The Cottages Blog

Being able to communicate with each other is one of the greatest gifts we have as human beings. Your senior loved one may have a disability or a disease that causes them to communicate a little differently, but that doesn’t mean that the two of you can’t communicating just as often and as meaningfully as you were before. If your loved one has become nonverbal, there are still ways that you can communicate with them. Whether your senior loved one is suffering from the effects of a stroke or from dementia, here are three great ways to consider when addressing someone who is no longer verbal.

1. Use the Five Senses

Because your senior loved one is now nonverbal, they experience the world mostly through their senses: taste, touch, sight, sound, and sometimes smell, so long as smell has not also been taken by dementia. So eat meals with your loved one. Cook them dishes that they used to cook for you. Remember that while your loved one may be nonverbal, you can and do still speak. While you’re cooking with your loved one, talk to them about the dish you are making. Don’t ask questions, just tell a story instead. Watch movies and if possible, go to games and shows with your loved one. Listen to music. Read to your loved one. Talk about your feelings, hopes, the past, tell jokes. Experience art with your nonverbal loved one that means something to the person you know and love inside of them.

2. Change Your Expectations

Don’t try to get the outcome you used to get. Things have changed. People change. You have changed, too. In all the ways that life remains the same now, it has changed just as much. So be patient with your nonverbal loved one, and don’t expect your interactions with them to go a certain way. Some days are better than others, and some ways of communicating are also better. Enjoy the time that you spend with your loved one, and don’t compare one day you spend with them to another. Just because they may not be able to respond to you the way that they used to doesn’t mean you have to stop trying to communicate. Don’t expect an answer, but cherish the moments when you do receive one.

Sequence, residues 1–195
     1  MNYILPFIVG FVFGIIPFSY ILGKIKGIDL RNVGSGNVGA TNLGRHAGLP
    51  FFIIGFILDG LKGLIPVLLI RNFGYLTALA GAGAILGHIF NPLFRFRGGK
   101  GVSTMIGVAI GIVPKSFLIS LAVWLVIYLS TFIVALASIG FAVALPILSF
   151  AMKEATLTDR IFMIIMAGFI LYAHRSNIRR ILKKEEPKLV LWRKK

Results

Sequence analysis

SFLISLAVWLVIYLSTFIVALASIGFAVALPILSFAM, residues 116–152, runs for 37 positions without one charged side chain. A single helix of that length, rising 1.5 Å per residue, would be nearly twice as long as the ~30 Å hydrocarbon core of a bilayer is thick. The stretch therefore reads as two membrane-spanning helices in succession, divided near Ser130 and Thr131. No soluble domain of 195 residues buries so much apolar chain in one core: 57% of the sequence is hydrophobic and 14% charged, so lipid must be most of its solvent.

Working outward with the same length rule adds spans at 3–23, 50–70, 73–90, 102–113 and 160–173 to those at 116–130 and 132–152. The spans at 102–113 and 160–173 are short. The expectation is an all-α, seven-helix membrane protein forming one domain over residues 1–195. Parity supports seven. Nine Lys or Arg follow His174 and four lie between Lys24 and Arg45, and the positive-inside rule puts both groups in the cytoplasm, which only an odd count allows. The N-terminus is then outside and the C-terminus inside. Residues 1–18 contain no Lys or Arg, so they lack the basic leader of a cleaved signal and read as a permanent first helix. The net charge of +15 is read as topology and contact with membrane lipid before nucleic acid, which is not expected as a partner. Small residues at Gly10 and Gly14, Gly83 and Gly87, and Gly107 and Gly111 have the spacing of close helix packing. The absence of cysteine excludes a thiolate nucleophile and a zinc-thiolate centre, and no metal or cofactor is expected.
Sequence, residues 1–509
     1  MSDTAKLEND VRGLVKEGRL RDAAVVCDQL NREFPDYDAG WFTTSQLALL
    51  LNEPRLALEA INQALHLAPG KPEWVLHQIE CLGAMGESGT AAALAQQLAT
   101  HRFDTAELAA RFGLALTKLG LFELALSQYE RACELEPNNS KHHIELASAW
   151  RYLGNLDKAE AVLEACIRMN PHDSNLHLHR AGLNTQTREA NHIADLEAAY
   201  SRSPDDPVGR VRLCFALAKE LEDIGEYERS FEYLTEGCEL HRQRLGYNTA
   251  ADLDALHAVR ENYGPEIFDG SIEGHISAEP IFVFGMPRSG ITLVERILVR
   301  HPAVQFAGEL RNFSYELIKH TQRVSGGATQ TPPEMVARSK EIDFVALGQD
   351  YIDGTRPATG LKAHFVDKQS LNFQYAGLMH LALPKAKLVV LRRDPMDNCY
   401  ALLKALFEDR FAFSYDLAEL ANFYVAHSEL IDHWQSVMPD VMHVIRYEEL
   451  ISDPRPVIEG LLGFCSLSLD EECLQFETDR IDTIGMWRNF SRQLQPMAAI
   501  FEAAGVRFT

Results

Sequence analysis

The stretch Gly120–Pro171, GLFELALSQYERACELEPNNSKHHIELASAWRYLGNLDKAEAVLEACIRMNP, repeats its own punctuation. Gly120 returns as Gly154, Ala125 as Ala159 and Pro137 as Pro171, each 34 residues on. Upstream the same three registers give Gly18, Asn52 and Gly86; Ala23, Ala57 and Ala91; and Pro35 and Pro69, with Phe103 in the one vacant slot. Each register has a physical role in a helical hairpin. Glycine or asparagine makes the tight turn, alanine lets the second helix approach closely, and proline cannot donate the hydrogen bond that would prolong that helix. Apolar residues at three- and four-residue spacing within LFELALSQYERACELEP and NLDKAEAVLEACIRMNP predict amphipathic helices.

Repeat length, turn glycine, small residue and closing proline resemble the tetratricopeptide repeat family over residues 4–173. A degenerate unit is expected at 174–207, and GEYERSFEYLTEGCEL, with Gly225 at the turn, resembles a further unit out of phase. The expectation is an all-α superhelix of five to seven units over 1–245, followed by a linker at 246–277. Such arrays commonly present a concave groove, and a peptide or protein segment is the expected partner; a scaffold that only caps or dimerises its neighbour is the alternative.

3. Love Them How They Need to Be Loved

We all have different ways, different things that make us feel loved. For some people, getting small, unexpected presents is the best way they feel loved. For others, it’s time spent together or time taken out of one’s day to care for places or things that are special to them. And still others prefer words or physical affection as outward expressions of such a complex feeling. Taking the time to find your loved one’s love translation is the very best way to show that you care, you are paying attention, and you are communicating to the best of your abilities.

 

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Michelle Kelley
Written by: Michelle Kelley

Michelle Haigler Kelley is a native of Montgomery, Alabama. She and her husband Shane live in Pike Road with their daughters. She graduated from Auburn University at Montgomery and began her career in the senior care industry as an Activity Director before obtaining her Alabama Assisted Living Administrator License in 2014. “I have truly found my calling in life to work with our seniors. After all, they are considered the greatest generation,” says Michelle. In her spare time, she enjoys spending time with her family and going to the lake.

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